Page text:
Operations

Why First Digital Impressions Count, Too

Lexi Tucker
Posted on January 8, 2018

If there’s one thing I’m passionate about, it’s grammar. Sadly, I’m sure if I had used “its” in that last sentence instead of “it’s,” quite a few people wouldn’t know the difference between the two. In no way am I insulting anyone’s intelligence; sometimes we don’t necessarily think before we type and miss it in a quick proofread.

At this year’s LCT East Show, I conducted a campfire session on email etiquette. It was a dream come true to be able to express the importance of proper grammar, spelling, and phrasing for this digital form of communication.

Online grammar checking tools like grammarly can help you out when you are short on time.
Online grammar checking tools like grammarly can help you out when you are short on time.
Many of your clients are CEOs, high-ranking government officials, and other well-educated members of society. It’s important to make the best possible impression on them, and you won’t do that by confusing the different forms of the word “there.”

If you couldn’t make it to the Show, I’ve condensed the lesson I presented into this list. If you have any questions on this subject, please email them to me ([email protected]). I’m super responsive (tip #9) and will make sure the font is easy to read (tip #6).

  1. Be sure the subject line makes it clear what the body of the email will contain.
  2. Address the recipient by Mr./Mrs./Ms. unless explicitly instructed otherwise.
  3. Ensure the spelling of their name is correct before hitting send.
  4. Know the difference between often misused forms of the same word:

Remember the three golden C’s: Be clear, concise, and courteous.
Remember the three golden C’s: Be clear, concise, and courteous.
Their – Possessive, belonging to someone; “their car”

There – Location; “over there”

They’re – Contraction meaning “they are”

Its – Possessive, belonging to something; “its instruction booklet”

 It’s – Contraction meaning “It is”

Your – Possessive, belonging to someone; “your car”

You’re – Contraction meaning “you are”

To – Preposition, expressing motion in the direction of; “send the bill to my admin”

The worst thing you can do is accidentally send an email to someone who wasn’t meant to see it. ALWAYS double check you’ve selected the correct recipient in the “To” line. Don’t slip up!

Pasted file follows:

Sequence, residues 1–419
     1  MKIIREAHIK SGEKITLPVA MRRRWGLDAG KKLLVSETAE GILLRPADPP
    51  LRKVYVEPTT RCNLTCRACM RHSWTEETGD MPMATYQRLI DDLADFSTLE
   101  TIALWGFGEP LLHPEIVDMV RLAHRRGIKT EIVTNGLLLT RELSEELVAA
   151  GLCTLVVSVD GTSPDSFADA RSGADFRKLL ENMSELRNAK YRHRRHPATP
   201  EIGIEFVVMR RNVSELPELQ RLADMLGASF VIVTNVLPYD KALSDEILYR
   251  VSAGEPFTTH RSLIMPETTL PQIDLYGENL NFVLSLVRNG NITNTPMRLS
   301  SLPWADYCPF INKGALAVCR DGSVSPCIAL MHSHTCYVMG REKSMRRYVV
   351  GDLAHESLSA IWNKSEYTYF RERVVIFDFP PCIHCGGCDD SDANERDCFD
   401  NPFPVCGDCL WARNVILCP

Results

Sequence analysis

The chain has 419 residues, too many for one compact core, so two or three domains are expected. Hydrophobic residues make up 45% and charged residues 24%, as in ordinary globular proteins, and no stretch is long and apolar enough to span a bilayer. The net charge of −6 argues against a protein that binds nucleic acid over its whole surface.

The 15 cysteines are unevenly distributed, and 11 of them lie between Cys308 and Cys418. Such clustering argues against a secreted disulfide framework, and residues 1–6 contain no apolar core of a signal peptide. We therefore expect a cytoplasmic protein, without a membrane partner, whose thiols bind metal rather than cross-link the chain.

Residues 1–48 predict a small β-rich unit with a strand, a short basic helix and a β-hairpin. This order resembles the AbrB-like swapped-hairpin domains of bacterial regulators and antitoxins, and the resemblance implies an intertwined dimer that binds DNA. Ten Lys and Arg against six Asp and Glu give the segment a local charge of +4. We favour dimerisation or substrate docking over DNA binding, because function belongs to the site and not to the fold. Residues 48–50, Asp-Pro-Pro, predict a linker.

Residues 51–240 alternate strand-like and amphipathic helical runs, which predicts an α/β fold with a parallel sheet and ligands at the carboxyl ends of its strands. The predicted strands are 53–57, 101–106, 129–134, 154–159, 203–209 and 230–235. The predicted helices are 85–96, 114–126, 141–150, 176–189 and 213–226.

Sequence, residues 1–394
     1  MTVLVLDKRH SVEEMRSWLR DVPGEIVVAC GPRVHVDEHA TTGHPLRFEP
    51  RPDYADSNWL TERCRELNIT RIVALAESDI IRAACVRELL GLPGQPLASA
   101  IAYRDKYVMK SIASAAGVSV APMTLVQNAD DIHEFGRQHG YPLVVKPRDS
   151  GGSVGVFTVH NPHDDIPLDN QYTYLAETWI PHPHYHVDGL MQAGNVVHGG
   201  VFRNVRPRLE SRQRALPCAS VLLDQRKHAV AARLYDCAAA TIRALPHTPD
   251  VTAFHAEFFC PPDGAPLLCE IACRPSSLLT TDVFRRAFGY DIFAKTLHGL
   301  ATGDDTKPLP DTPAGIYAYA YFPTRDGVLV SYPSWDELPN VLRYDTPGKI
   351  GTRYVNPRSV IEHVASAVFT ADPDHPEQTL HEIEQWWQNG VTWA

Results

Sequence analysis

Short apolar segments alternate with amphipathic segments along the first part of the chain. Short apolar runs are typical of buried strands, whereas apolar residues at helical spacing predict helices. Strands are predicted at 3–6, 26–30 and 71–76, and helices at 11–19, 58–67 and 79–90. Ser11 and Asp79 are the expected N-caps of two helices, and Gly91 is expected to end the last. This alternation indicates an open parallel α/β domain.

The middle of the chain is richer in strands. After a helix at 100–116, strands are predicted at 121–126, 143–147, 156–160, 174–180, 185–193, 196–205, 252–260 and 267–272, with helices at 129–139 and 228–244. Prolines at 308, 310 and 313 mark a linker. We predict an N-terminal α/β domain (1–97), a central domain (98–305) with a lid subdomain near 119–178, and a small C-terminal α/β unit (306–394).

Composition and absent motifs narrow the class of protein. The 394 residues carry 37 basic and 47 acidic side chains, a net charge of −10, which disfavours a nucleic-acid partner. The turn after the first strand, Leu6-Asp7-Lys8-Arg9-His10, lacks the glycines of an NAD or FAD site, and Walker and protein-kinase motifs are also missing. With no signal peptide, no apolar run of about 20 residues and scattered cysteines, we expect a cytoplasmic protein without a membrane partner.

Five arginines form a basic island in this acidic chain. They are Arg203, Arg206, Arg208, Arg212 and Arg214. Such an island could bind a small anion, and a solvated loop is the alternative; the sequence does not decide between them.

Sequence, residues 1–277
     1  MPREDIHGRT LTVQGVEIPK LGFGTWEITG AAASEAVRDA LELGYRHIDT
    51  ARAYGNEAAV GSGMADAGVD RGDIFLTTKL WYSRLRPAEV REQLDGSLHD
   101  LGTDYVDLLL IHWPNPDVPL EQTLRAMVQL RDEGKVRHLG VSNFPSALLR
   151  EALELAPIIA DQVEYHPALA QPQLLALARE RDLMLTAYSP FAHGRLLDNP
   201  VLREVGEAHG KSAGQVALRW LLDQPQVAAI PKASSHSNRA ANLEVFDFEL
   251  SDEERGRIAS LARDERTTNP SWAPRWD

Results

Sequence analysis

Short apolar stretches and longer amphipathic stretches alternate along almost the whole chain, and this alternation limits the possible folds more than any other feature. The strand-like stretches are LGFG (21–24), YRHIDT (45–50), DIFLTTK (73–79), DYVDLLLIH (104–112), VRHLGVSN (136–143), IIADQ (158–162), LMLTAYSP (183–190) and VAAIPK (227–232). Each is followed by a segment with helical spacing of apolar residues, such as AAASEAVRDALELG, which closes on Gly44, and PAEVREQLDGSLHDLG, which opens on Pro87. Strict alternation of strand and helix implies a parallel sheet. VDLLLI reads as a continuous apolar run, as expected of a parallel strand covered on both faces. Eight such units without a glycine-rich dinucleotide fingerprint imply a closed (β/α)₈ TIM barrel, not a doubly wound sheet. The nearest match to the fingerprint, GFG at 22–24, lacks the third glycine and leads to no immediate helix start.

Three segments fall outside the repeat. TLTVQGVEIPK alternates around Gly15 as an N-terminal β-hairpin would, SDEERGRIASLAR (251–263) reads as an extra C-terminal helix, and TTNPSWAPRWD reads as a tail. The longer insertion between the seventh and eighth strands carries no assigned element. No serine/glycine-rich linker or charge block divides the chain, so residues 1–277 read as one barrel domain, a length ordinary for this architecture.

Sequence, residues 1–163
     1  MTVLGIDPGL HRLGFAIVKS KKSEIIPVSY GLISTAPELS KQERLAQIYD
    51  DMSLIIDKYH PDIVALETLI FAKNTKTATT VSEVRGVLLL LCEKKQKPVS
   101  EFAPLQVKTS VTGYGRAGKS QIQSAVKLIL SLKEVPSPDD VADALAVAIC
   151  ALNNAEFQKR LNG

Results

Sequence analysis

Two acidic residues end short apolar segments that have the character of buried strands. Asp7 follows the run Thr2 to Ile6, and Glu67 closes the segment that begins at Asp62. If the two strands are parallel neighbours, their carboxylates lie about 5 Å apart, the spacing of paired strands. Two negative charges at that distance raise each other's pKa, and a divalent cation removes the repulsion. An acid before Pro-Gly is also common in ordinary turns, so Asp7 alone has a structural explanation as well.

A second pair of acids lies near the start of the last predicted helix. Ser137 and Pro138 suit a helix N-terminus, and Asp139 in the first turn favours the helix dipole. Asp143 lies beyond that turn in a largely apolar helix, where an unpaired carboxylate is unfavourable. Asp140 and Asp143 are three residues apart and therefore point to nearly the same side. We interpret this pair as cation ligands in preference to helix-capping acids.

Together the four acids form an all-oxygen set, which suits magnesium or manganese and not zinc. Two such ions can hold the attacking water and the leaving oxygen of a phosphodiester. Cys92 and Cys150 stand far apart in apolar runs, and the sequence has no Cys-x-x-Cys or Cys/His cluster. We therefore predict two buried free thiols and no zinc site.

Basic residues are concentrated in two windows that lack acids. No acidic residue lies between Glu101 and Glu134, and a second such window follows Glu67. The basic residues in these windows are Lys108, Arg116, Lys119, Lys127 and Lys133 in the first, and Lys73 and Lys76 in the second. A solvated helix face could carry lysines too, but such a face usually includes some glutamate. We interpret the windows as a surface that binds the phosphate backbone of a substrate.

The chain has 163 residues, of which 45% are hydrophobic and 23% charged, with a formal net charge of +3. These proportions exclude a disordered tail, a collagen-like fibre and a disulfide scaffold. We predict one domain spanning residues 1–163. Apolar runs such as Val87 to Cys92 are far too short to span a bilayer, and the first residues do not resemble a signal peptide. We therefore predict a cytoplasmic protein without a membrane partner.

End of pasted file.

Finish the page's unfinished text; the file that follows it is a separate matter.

The worst thing you can do is accidentally send an email to someone who wasn’t meant to see it. ALWAYS double check you’ve selected the correct recipient in the “To” line. Don’t slip up!
Too — Adverb, in addition to; “he’s coming too”

  1. Don’t use shortcuts often seen in text messages. For example: “Can u plz call me b4 you decide 2 use another company?” would be unacceptable.
  2. Don’t use a crazy font in irregular colors. It’s usually best to stick with Arial or Times New Roman, size 12, black font.
  3. If you are attaching documents, make sure their names clearly reflect their contents.
  4. Keep it short; if it takes you longer than five minutes to write an email, it’s probably best to call the person instead.
  5. Try your best to respond within as short a time span as possible; if you cannot immediately answer the question, at least acknowledge you are working on the request ASAP. If you will be out of the office, make sure to include contact information of someone who will be available in your auto-response.
  6. Read the email at least twice before sending to check for grammar, spelling, and punctuation errors.
  7. Make sure your email address has your name and your company’s name in it like [email protected] Something like [email protected] doesn’t tell the reader anything and can easily be mistaken for spam.
  8. Most importantly, YOUR EMAIL REFLECTS WHO YOU ARE. It doesn’t matter if you’re responding to a question, compliment, or complaint. Remember emails can easily be copy-pasted and put on social media for the world to see.

As you type, ask yourself: Does this make sense? Are there typos? Am I clearly conveying my point?
As you type, ask yourself: Does this make sense? Are there typos? Am I clearly conveying my point?
LEXI TUCKER is LCT assistant editor and coordinator of the LCT Fast 40, a group of operators under 40 who collaborate and learn from each other about all aspects of chauffeured transportation. She can be reached at [email protected]

Related Topics: communications, customer service, How To, Lexi Tucker, Millennial Matters, social media

Lexi Tucker Associate Editor
Comments ( 1 )
  • john michael

     | about 8 months ago

    Great subject, often overlooked by a lot of people. Keep up the great writing.

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